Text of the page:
Doubtlessly Manny Pacquiao will go down in history as, at the least, the most popular Filipino of his era or, at most, the most popular Filipino of all time. A plethora of facts would support such a claim. To cite a few: his long list of local and international endorsements, having been on the covers of the world-renowned magazines Time and Sports Illustrated, a boxing pay-per-view king, his endorsement of U.S. Senator Harry Reid and meeting with President Barack Obama, and his contribution to his country. American ring announcer Michael Buffer summed it well when he said that Manny Pacquiao was “the fighting pride of the Philippines.” His magnificent achievements in the boxing ring earned him all these accolades.
Manny Pacquiao’s legacy is secured in boxing history; however, the moment he entered an uncharted territory—politics—every else seemed to have been tarnished.
I have always believed that Pacquiao should have not entered the political ring—where principled men can turn soft on their principles, where honorable men can end up honoring themselves, where loyalty comes with a price, where “service to others” can turn into “service for oneself,” where political ties and family ties can be more important than societal ties, where electoral promises can turn into a “pie in the sky,” where a good leader is a “sheep among wolves,” and ultimately, where a “pride of the Philippines” can turn into an “enemy of the people.”
While Pacquiao adamantly argues that politics is a way for him to reach out to his fellow Filipinos, it is not the better way to reach out to his fellows (whether in the concluding years of his boxing career or in his post-boxing career) and not the better way to preserve his boxing legacy.
There are better ways for Pacquiao to reach out to his fellow Filipinos and, at the same time, preserve his boxing legacy. He can choose to be a Philippine ambassador, or a founder of a charitable institution, or founder of a scholarship program.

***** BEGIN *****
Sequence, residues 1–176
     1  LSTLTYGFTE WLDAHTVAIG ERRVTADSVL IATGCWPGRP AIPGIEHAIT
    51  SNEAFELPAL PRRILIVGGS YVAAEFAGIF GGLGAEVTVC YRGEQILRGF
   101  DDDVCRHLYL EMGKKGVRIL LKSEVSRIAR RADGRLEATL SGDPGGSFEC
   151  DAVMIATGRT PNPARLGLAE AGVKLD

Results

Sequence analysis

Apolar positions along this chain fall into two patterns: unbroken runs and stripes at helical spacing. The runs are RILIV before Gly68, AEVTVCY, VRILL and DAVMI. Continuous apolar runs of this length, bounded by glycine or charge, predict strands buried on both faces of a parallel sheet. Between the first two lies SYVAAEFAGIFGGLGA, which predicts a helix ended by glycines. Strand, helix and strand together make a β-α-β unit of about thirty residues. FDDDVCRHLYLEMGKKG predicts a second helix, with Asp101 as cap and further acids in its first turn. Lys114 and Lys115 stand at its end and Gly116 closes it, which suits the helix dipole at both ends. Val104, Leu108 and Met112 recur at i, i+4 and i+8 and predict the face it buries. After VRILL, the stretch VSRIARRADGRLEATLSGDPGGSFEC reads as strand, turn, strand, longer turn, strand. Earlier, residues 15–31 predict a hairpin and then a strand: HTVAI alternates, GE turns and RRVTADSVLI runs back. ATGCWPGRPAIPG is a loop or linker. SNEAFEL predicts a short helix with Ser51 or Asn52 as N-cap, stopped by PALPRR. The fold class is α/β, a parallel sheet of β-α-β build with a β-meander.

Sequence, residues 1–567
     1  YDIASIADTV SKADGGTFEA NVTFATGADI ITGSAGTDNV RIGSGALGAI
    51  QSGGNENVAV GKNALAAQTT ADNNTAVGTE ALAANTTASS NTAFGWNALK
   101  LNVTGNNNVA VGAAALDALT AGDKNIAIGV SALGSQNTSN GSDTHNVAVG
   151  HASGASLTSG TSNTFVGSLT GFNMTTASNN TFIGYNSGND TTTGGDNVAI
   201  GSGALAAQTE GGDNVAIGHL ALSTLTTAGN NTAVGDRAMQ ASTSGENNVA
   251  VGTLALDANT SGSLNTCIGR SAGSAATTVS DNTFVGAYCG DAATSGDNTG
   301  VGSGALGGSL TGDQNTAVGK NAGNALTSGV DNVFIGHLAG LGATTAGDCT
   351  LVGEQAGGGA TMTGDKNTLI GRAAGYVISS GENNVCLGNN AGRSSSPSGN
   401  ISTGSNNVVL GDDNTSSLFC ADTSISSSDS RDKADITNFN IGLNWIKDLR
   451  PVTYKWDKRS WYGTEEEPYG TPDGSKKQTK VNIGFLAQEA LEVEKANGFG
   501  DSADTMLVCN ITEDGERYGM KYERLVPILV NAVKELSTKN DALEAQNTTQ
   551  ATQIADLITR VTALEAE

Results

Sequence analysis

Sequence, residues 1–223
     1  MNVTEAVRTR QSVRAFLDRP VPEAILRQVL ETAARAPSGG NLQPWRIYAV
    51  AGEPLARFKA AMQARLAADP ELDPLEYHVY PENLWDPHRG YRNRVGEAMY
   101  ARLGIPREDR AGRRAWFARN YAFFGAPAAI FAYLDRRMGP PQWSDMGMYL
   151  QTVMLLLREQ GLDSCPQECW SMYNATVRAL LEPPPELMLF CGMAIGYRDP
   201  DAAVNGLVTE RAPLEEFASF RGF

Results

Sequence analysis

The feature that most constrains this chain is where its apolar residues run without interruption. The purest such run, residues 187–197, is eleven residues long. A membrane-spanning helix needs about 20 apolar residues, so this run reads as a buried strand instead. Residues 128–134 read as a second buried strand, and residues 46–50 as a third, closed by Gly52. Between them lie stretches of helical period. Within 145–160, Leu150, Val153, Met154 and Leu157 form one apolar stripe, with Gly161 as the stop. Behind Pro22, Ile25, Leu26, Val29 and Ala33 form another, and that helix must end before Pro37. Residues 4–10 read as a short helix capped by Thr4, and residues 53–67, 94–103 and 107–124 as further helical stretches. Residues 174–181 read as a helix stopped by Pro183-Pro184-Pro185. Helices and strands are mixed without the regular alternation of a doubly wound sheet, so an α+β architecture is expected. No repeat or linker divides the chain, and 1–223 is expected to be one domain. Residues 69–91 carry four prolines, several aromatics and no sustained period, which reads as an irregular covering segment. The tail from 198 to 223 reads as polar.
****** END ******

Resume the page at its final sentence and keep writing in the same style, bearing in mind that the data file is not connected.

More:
A good role model would be the retired National Basketball Association (NBA) star player Vlade Divac who has gained international attention even after his stellar basketball career. He was the founder of The Group Seven Children’s Foundation, an organization dedicated to assisting children who have been displaced and impoverished due to the breakup of a nation. His philanthropic work has earned Divac widespread recognition, including the NBA’s Citizenship Award, Sporting News “Good Guys” Award, the “Good Samaritan” Award from International Orthodox Christian Charities, and a Medal of Merit from the Serbian Unity Congress. Divac also serves as a “Goodwill Ambassador” of United Nations and has participated in the NBA’s “Basketball Without Borders” initiative (www.prweb.com).
Perhaps, it is through any of these ways (ambassador, founder of charitable institution, or founder of a scholarship program) in which Pacquiao’s achievements off the boxing ring can be as impressive as his achievements in the boxing ring and where his legacy as “the Pride of the Philippines” could be well-preserved in history.
Perhaps, it’s not too late to convince “The Pride of the Philippines” to reassess his achievements and retrace his path to success.
ERRATUM: We are sorry to inform you that last issue’s article for this column was mistakenly attributed to a different writer. The article, entitled “Making UP a World-Class University,” was actually written by Adonis Y. Fernandez.
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